A lot of people believe that all religions are more or less the same. I’ve already mentioned the religion that is called atheism (and atheism is based upon blind faith, whatever people say). Atheism is very different from Christianity in this matter of death – as I say, it is meaningless, and there is nothing afterwards.

Buddhism is also not remotely like the Christian faith when it comes to death, and the possibilities of life after death. To a Buddhist, life after death is a bad thing. The whole point of Buddhism is to cease to exist altogether. They do believe in reincarnation, but reincarnation is a negative thing for a Buddhist. It means that they failed to end their existence and become nothing, and now they have to try again, possibly adding more suffering to the world as a result. The great hope of Buddhism is not life, but rather absolute nothingness, a complete cessation of being.

Hinduism is also very different from Christianity. Hindus, like Buddhists, believe in reincarnation – they suggest that the average soul is reincarnated about 8.3 million times before reaching nirvana. However, the ultimate goal (nirvana) is to cease to exist as an individual and be absorbed into the all-encompassing oneness that is the Brahman. In other words, in “heaven” you will no longer be a conscious self. For all intents and purposes, this too, as in Buddhism, is the destruction of your soul, the end of your “you-ness.”

Islam believes in a paradise that is somewhat like the Christian one, but it sounds a lot nicer for men than it does for women. Paradise is also divided into classes, with the more pleasant areas being reserved for the men, and for those who were the best Muslims. Even so, no Muslim can know whether or not they will actually go to paradise. It is based entirely on how you lived, and no one knows how much is good enough.

Judaism today is very different from the religion that began with just the Old Testament. It is very diverse, and many Jews either don’t believe in life after death, or simply assume it is some kind of mystery. Some Jews believe in a spiritual heaven and spiritual place of the dead (Sheol) but it would be inaccurate to say that modern Judaism’s view of life after death is similar to that of Christianity.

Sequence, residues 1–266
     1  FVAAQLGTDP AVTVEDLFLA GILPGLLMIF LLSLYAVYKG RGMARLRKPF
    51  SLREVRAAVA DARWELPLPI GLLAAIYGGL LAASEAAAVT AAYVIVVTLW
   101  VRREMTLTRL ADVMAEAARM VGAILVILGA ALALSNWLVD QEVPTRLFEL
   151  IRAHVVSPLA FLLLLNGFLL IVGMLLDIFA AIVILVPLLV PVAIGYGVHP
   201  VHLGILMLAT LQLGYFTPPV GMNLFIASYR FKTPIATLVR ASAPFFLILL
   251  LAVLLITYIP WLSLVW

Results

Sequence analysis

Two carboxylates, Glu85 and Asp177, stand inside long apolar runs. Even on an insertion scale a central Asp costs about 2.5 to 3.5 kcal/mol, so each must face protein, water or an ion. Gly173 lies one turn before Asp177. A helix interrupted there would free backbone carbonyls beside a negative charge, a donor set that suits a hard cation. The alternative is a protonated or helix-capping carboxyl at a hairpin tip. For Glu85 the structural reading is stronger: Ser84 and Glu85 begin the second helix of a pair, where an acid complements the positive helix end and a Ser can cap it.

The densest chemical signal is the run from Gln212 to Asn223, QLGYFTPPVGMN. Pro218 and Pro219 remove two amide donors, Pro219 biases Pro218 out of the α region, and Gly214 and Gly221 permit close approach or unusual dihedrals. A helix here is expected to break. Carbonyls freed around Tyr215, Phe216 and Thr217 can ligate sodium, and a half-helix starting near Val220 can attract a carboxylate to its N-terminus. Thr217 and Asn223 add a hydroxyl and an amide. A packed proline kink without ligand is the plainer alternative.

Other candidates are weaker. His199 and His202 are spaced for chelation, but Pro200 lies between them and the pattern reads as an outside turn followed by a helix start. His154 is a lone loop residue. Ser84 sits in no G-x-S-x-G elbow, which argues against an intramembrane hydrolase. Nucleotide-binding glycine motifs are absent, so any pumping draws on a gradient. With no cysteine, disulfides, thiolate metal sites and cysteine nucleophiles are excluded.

My point is this: All religions are not the same when it comes to life after death. The Christian view of resurrection after death is unique. To the small extent that Judaism and Islam are similar, it is because they were influenced by Christianity.

Before you start thinking this is all so theoretical, let’s apply this to the death of my friend, Tim. If he was Buddhist, what hope would we have, what hope would his wife and kids have? Well, one thing that is certain is that they will never again see him, certainly not to recognize him as the person they have known. The best case scenario is that he has ceased to exist forever. I don’t know about you, but that doesn’t bring me much hope or encouragement. It leaves me with nothing useful or kind to say to his family.

An atheist/skeptic/agnostic might say that Tim will live on in the memories of those who loved him. In the first place, that doesn’t help his wife Gerte when she wants Tim to hold her. It doesn’t help his son when he wants to play catch with his dad. Also, let me ask you this: how many of you have memories of your great-grandparents? I remember one of my eight great-grandparents. I have no memories of the other seven, and certainly none of the generation before that. Even my memories of great-grandma are few and fuzzy. So, if Tim lives on in the memories of those who knew him and loved him, seeing as Tim died young, the best case scenario is that he “lives on,” for another seventy years or so. Then his memory will be lost to this world. Not much of an afterlife.

If Tim was Hindu, one might say, “perhaps he will be reincarnated as someone you will meet.” Of course, he will now be younger than his own infant child, so it’s not like his wife will be able to remarry his new, reincarnated self. And obviously, if he is reincarnated, he will appear to everyone, including himself, as an entirely different person. Also, it is unlikely that in this world of billions, his family will happen to run into the reincarnated Tim. Once again, there is no hope that his family will ever again see him or know him as the person they loved. And again, the best-case Hindu scenario for Tim would be that he loses all personhood, and becomes indistinguishable from the all-encompassing oneness that is called the Brahman. (Although, because Tim was not the proper Hindu Caste, he would not be eligible for that “ultimate salvation,” anyway.)